Milwaukee's poor hit hard by suspended licenses

More than $1 million. That's what people driving on a suspended license owe the city of Milwaukee, for just 2017. 

Our first story on reckless driving last November looked at the problem on the street. Now the I-Team is taking a look at the numbers, and who's racking up all these fines. 

One state senator called some of these suspensions a "debtor's prison" and told us this approach is not making Milwaukee streets any safer. 

Law enforcement is trying to get a handle on reckless drivers. A three agency task force is on city streets and the interstates.  

Milwaukee County Sheriff, Richard Schmidt explained, "we want to stop the catastrophic injuries that are happening."  

MCSO is teaming up with MPD, adding city streets to its patrol.  

"We have people going 30, 40, 50 miles an hour over the speed limit, weaving back and forth," the sheriff said.

Drivers are getting tickets, but are they paying what they owe?  The I-Team took a look at the numbers going back almost 4 years.  

The bill owed to the city for speeding is more than $1.3 million.  For running a red light the balance for 2017 is almost $79,000. But the highest dollar amount is for driving on a suspended license. Unpaid citations total $3.4 million. 

Da'ron Washington is part of that number.  The Milwaukee man drove on a suspended license. A single father of three, one of his daughters has type 1 diabetes. Washington's car gets his daughter to doctor's appointments, the kids to daycare and him to work.   But two nonmoving violations turned into more than $200 in tickets.

Washington told us he was "trying to do the right thing and go to court, and trying to pay my tickets."

He fell behind on payments so his license was suspended.  

"I never had a speeding ticket or no reckless driving ticket," Washington said.

Two more citations for an unregistered vehicle and driving suspended bumped his total owed to almost $450.

It's why most people in Wisconsin end up with a suspended license.  Last year, almost 56 percent or more than 200,000 suspensions were the result of failure to pay traffic tickets on time.

"Sometimes they'll get pulled over and get multiple tickets in one stop," attorney Molly Gena told us.

She works for Legal Action of Wisconsin which partners with the Center for Driver's License Recovery & Employability.  A program that helps low-income Milwaukee residents get their driving privileges back.

Gena said her clients are not dangerous drivers, "suspending people's licenses isn't what's going to make them pay if they just don't have it."  

Municipal court offers some options for drivers, like community service or payment plans, but Gena told us that's not always laid out for people.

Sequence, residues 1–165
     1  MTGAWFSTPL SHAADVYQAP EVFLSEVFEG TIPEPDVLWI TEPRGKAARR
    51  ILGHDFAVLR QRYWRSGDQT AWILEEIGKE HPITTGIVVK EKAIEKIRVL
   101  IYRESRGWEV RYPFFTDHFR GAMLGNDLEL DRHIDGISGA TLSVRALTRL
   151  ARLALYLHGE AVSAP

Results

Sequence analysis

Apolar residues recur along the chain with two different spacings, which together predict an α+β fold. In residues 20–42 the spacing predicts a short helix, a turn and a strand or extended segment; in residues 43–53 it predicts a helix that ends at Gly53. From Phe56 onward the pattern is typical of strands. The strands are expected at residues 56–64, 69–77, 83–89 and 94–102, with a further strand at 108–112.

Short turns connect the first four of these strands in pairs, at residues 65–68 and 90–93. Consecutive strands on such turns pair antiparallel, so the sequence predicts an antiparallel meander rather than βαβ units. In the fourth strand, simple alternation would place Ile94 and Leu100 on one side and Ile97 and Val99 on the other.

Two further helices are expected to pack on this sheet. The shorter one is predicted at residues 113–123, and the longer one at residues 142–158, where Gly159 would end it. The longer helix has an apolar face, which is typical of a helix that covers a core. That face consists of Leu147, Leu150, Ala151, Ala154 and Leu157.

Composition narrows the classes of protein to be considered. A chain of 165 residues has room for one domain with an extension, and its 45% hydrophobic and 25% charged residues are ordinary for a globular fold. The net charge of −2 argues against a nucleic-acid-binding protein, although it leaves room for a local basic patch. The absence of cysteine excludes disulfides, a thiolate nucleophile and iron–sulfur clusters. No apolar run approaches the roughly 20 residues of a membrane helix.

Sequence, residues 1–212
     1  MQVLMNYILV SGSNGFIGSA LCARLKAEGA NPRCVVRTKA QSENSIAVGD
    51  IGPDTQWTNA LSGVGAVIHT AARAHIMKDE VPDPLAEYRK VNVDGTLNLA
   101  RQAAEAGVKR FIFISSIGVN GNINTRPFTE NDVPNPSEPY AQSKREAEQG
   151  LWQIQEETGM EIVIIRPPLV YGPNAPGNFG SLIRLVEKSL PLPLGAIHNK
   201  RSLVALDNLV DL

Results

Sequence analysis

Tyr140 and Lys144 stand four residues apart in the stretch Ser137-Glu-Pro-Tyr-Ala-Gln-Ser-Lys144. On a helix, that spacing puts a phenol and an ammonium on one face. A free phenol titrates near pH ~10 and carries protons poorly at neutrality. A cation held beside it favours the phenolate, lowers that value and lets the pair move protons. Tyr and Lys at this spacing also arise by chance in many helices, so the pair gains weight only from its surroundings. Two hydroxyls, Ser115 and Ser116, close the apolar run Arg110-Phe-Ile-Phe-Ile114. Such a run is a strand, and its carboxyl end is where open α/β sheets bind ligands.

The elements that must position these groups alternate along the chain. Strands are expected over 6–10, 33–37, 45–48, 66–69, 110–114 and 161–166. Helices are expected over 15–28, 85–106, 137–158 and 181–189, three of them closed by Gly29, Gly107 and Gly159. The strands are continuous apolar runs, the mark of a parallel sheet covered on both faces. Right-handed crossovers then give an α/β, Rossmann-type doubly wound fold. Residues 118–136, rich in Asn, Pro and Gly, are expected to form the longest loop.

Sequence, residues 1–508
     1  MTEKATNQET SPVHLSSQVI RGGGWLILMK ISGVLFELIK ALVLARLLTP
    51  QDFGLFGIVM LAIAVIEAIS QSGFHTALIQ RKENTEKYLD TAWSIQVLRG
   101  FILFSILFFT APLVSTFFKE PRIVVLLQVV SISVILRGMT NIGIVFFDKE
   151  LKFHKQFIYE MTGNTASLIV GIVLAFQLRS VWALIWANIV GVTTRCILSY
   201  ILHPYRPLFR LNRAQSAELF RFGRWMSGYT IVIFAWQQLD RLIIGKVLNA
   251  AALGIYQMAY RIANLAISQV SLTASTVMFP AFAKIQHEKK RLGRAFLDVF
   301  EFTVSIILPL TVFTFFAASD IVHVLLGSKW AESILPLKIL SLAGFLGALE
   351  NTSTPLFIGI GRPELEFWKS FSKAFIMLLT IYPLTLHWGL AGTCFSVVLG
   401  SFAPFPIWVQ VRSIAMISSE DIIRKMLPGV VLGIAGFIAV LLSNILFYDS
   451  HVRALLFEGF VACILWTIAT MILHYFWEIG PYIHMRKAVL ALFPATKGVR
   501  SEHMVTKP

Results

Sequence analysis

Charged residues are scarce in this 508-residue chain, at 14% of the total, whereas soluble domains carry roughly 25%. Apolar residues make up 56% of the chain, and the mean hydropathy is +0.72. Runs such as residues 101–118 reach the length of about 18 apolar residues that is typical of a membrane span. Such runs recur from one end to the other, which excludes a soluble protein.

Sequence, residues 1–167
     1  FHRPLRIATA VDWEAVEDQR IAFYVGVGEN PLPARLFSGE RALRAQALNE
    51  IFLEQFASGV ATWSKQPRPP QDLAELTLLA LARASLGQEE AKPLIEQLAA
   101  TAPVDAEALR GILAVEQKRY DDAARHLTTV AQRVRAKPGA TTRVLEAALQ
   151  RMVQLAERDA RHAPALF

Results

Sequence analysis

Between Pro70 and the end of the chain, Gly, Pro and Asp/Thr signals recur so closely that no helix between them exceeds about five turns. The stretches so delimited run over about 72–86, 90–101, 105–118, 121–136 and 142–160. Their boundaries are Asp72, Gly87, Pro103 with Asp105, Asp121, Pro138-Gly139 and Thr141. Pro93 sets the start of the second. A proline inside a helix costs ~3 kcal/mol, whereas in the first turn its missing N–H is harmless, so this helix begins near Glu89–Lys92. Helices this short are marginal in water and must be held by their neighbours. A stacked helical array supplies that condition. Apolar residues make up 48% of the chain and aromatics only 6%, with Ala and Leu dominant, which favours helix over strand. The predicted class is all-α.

"Sometimes even when you do go to court they're not telling you of those options. They're just basically saying you need to pay this," Gena said. 

Sen. Lena Taylor said she hears from her constituents all the time on this issue.  

"I see a license as a connection to work, and I don't want to stop that." Taylor called suspending licenses for some unpaid tickets a "revenue generator," and believes, in the end, it can throw people deeper into poverty.  "I don't think just creating more suspensions is gonna get us to a solution.  There has to be some consequences, but I would like the consequences that help us get solutions."

Washington is still paying off his tickets, but the recovery program was able to get his license back.  He told us it's a privilege to be able to drive, "it's just actually a blessing to really have my license back."  

There is also the issue of a 70 percent, or higher "no show" rate for traffic court.  Many people don't realize if you show up there are options to help get their license back. 

According to Milwaukee Municipal Court, it works with people to keep their license. Judges offer installment plans for as little as $20 a month. The Chief Court Administrator told us "no one has to have their license suspended while making payments on their case."  

"You can come to Court during Walk-In hours, 5 days a week to see a Judge about outstanding warrants, driver's license suspensions and vehicle registration denials," said Milwaukee Municipal Court.

The law recently changed when it comes to suspensions.  Wisconsin used to require a 2 year license suspension for many unpaid traffic tickets.  In 2016 that was dropped to one year.  Senator Taylor told us she's looking at some creative solutions and possible legislation that would eliminate suspensions for some unpaid traffic violations.

For help to get your driver's license back:

 

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